Carolinas HealthCare System

Health Information - Test

Search Health Information   
 

Visual acuity test

Definition

The visual acuity test is used to determine the smallest letters a person can read on a standardized chart (Snellen chart) or a card held 14 - 20 feet away.

Alternative Names

Eye test - acuity; Vision test - acuity; Snellen test

How the test is performed

This test may be done in a health care provider's office, a school, a workplace, or elsewhere.

You will be asked to remove your glasses or contact lenses and stand or sit 20 feet from the eye chart. You will keep both eyes open.

Gently cover one eye with the palm of your hand, a piece of paper, or a paper cup while you read out loud the smallest line of letters you can see on the chart. Numbers or pictures are used for people who cannot read, especially children.

If you are not sure of the letter, you may guess. This test is done on each eye, one at a time. If needed, it is repeated while you wear your glasses or contacts. You may also be asked to read letters or numbers from a card held 14 inches from your face. This will test your near vision.

How to prepare for the test

No special preparation is necessary for this test.

How the test will feel

There is no discomfort.

Why the test is performed

The visual acuity test is a routine part of an eye examination or general physical examination, particularly if there is a change in vision or a problem with vision.

In children, the test is performed to screen for vision problems. Vision problems in young children can often be corrected or improved. Undetected or untreated problems may lead to permanent vision damage.

There are other ways to check vision in very young children, or in people who do not know their letters or numbers.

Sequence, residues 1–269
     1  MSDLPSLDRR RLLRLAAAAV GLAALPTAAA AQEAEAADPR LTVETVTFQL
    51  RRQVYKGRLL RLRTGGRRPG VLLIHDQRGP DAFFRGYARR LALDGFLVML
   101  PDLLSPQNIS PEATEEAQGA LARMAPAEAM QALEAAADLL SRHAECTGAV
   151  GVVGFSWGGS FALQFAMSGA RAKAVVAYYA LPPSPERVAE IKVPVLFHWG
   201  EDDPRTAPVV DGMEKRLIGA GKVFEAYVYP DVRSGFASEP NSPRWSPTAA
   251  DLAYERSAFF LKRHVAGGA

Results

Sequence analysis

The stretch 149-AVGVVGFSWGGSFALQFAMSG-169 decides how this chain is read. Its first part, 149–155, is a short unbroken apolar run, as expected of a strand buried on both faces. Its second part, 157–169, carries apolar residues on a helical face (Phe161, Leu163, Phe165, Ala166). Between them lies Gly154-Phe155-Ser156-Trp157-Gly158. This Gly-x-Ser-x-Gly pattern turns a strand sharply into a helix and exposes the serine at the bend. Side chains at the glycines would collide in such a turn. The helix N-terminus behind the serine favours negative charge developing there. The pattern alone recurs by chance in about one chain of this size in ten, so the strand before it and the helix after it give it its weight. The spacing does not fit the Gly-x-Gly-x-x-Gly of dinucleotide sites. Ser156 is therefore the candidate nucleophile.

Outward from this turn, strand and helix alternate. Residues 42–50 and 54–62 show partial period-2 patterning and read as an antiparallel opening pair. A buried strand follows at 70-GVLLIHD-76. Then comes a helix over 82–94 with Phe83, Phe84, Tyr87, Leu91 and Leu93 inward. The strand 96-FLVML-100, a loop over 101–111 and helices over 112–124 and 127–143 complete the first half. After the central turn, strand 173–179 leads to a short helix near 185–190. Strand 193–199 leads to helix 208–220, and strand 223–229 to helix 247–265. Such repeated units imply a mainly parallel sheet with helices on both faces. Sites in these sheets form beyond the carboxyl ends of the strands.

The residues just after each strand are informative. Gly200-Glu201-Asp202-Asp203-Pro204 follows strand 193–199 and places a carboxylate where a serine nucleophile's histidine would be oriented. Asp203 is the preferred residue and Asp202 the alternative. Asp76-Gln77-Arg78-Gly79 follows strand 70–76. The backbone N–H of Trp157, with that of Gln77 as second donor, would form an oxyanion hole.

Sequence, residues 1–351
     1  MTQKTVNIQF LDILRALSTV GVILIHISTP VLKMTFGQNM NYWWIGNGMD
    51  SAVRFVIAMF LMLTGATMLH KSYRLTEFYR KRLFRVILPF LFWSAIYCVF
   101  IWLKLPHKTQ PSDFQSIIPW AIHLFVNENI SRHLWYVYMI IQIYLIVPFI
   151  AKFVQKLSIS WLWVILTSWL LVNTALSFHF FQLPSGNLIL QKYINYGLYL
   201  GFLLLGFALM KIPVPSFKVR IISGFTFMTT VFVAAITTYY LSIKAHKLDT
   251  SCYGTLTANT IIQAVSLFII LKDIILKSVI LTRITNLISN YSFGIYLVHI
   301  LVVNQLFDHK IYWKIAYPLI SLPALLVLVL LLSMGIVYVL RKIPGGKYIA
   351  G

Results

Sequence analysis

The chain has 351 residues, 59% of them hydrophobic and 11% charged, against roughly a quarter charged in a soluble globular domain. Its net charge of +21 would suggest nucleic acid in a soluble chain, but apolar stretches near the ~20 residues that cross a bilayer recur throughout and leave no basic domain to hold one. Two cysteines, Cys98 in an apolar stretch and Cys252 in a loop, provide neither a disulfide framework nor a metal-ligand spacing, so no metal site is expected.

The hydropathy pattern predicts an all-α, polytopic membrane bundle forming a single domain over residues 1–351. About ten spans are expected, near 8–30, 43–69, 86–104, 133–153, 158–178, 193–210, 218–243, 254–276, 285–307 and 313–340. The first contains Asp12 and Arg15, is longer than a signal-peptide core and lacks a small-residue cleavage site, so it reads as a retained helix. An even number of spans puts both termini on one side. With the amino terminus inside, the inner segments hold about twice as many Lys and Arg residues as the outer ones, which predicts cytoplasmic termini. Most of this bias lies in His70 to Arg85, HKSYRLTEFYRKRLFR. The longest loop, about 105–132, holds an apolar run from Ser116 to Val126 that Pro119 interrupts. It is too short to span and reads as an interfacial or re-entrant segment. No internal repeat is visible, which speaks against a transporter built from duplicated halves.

Normal Values

Visual acuity is expressed as a fraction.

  • The top number refers to the distance you stand from the chart. This is usually 20 feet.
  • The bottom number indicates the distance at which a person with normal eyesight could read the same line you correctly read.

For example, 20/20 is considered normal. 20/40 indicates that the line you correctly read at 20 feet away can be read by a person with normal vision from 40 feet away.

Even if you miss one or two letters on the smallest line you can read, you are still considered to have vision equal to that line.

What abnormal results mean

Abnormal results may be a sign that you need glasses or contacts, or it may mean that you have an eye condition that needs further evaluation by a health care provider.

Related topics:

What the risks are

There are no risks.

References

Colenbrander A. Measuring vision and vision loss. In: Tasman W, Jaeger EA, eds. Duane's Ophthalmology. 15th ed. Philadelphia, Pa: Lippincott Williams & Wilkins; 2009:chap 51.

Miller D, Schor P, Magnante P. Optics of the normal eye. In: Yanoff M, Duker JS, eds. Ophthalmology. 3rd ed. St. Louis, MO: Mosby Elsevier;2008:chap 2.6.

American Academy of Ophthalmology Preferred Practice Patterns Committee. Preferred Practice Guidelines. Comprehensive Adult Medical Eye Evaluation. San Francisco, CA: American Academy of Ophthalmology, 2010. Accessed January 17, 2011.


Review Date: 2/10/2011
Reviewed By: Linda J. Vorvick, MD, Medical Director, MEDEX Northwest Division of Physician Assistant Studies, University of Washington School of Medicine; and Franklin W. Lusby, MD, Ophthalmologist, Lusby Vision Institute, La Jolla, California. Also reviewed by David Zieve, MD, MHA, Medical Director, A.D.A.M., Inc.
The information provided herein should not be used during any medical emergency or for the diagnosis or treatment of any medical condition. A licensed medical professional should be consulted for diagnosis and treatment of any and all medical conditions. Call 911 for all medical emergencies. Links to other sites are provided for information only -- they do not constitute endorsements of those other sites. © 1997- A.D.A.M., Inc. Any duplication or distribution of the information contained herein is strictly prohibited.
adam.com
 
About Carolinas HealthCare System
Who We Are
Leadership
Community Benefit
Corporate Financial Information
Diversity & Inclusion
Annual Report
Foundation
Patient Links
Pay Your Bill
Hospital Pre-Registration
Patient Rights
Privacy
Financial Assistance
Quality & Value Reports
Insurance
Careers
Join Carolinas HealthCare System
Physician Careers

For Employees
Carolinas Connect
Connect with Us
Watch Carolinas HealthCare on YoutubeFollow Carolinas HealthCare on TwitterLike Carolinas HealthCare on FacebookContact Carolinas HealthCareJoin Carolinas HealthCare on LinkedInGo to our mobile website.